Chicago’s mayor received $100,000 in “donations” from Comcast

Comcast Corporation is bragging of widespread support for its proposed $45 billion takeover of Time Warner Cable, but the victory chant is drowning out an important detail: Some of that support from public officials has followed big campaign contributions from Comcast executives. In a blog post on the company’s corporate website last week, David L. Cohen, Comcast’s executive vice president and chief merger lobbyist, boasted that nearly 70 mayors and more than 60 additional state and local officials have gone on record as proponents of the proposed merger, which would combine the country’s No. 1 and No. 2 cable companies into one massive pay-TV and broadband colossus.

Chicago Mayor Rahm Emanuel, who is supporting Comcast’s purchase of Time Warner Cable, has received more than $100,000 in donations from Comcast’s political committee and its employees. As detailed by the International Business Times yesterday, public records show that Comcast’s political arm and employees have been supporting Emanuel for a decade. Emanuel was a member of Congress from 2003 to 2009 and then served as President Obama’s chief of staff for nearly two years. He has been Chicago mayor since May 2011. “[D]uring his time running for and serving as mayor of Chicago, Emanuel has received large campaign contributions from Comcast and its employees, including from [Comcast Executive Vice President David] Cohen himself, who contributed $5,000 to Emanuel’s mayoral campaign in February 2011,” the International Business Times wrote. “Cohen also contributed $10,000 to the Chicago Committee, which the Chicago Tribune has described as Emanuel’s ‘other political fund (which) he uses for political activities that support his policy initiatives at City Hall.’ In all, records from the Illinois State Board of Elections show that Emanuel’s mayoral campaign and his other municipal political organizations have received $50,000 from Comcast employees since he began running for mayor in 2010.”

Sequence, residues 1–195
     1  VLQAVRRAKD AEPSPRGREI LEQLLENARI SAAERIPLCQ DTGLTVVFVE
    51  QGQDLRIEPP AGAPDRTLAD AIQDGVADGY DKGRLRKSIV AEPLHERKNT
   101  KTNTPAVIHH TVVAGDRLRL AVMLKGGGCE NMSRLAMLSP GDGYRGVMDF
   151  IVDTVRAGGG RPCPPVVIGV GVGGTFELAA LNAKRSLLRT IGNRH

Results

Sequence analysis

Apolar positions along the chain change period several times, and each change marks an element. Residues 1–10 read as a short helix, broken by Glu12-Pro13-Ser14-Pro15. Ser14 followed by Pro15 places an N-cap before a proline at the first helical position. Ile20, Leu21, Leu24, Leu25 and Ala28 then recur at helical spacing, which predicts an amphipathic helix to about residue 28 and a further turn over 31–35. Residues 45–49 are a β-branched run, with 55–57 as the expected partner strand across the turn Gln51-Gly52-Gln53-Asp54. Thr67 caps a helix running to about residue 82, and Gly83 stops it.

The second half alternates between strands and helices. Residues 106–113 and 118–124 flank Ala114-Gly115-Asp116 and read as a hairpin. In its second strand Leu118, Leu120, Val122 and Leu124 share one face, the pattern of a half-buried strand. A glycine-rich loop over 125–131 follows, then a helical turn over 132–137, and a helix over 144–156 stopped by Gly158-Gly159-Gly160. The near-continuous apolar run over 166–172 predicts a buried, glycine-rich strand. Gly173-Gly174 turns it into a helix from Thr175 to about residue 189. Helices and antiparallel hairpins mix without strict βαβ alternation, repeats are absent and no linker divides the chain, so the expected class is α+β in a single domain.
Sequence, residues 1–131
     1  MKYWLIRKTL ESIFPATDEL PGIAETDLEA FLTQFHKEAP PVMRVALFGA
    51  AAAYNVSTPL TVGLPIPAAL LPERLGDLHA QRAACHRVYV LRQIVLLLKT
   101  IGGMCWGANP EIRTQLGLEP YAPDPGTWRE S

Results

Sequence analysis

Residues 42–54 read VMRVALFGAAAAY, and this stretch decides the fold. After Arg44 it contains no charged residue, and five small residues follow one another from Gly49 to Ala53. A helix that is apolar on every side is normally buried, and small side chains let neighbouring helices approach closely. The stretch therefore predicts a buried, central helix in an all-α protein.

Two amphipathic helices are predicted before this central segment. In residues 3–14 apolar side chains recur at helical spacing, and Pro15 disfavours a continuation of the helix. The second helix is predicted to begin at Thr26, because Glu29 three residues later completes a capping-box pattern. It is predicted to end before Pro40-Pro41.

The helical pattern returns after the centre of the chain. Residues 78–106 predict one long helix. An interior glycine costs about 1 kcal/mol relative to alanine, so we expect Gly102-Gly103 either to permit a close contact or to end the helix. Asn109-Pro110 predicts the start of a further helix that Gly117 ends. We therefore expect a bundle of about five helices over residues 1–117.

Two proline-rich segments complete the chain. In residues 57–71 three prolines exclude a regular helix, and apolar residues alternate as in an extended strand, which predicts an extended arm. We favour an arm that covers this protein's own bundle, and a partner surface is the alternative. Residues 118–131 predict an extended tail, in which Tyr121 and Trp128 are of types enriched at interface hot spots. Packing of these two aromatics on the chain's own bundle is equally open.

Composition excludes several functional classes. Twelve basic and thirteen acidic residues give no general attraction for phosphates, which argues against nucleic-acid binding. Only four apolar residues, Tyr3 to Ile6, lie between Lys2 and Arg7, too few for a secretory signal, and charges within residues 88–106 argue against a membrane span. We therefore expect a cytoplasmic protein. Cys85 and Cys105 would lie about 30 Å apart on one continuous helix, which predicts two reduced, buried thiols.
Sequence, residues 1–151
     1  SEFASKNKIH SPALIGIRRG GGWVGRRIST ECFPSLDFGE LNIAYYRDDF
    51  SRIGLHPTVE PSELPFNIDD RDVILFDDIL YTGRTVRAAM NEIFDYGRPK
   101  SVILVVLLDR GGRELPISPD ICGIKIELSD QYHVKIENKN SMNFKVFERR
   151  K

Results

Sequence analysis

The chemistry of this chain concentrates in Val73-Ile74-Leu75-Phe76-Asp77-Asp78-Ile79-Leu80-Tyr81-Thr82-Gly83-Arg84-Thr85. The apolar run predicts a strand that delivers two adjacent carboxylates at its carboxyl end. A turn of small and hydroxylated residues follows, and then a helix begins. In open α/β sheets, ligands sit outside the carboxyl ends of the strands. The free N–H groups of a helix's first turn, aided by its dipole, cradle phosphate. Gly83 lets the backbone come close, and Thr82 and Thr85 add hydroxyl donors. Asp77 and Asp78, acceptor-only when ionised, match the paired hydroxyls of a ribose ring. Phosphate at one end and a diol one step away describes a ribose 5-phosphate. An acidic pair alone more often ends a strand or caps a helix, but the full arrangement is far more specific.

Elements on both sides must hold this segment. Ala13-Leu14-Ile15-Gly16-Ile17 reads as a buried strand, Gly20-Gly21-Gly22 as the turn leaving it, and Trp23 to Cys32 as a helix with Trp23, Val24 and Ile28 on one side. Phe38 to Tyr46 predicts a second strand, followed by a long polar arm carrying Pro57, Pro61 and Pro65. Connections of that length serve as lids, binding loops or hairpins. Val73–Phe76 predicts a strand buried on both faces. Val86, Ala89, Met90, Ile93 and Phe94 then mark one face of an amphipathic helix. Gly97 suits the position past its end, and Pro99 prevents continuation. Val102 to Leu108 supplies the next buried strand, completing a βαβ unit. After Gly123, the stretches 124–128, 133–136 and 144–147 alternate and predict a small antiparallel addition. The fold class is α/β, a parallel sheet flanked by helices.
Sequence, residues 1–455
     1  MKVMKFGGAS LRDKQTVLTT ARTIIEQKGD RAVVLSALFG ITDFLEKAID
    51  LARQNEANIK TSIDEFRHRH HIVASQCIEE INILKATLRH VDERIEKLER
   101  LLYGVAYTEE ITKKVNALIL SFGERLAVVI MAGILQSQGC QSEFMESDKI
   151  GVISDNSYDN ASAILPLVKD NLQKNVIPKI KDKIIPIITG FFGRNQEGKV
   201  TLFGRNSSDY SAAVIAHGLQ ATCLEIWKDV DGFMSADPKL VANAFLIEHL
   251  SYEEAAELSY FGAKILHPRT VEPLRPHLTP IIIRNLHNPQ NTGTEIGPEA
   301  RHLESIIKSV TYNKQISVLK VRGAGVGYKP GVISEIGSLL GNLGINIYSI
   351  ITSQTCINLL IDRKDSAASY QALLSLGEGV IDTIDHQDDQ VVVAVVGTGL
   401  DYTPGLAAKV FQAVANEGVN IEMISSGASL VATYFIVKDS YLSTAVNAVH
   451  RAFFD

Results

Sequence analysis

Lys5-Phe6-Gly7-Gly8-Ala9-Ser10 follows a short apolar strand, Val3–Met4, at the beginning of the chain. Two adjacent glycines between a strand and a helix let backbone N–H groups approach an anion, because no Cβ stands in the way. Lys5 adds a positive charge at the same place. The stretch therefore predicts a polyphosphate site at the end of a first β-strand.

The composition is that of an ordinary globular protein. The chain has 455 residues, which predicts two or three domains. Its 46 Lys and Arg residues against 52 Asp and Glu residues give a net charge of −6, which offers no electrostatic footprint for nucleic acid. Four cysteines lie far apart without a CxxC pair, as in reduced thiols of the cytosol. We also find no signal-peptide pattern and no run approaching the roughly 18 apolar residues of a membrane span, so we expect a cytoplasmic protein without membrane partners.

By Alfie Joshua

+Alfie Joshua is the editor at Auto in the News. Find him on Twitter, Facebook, and Pinterest.

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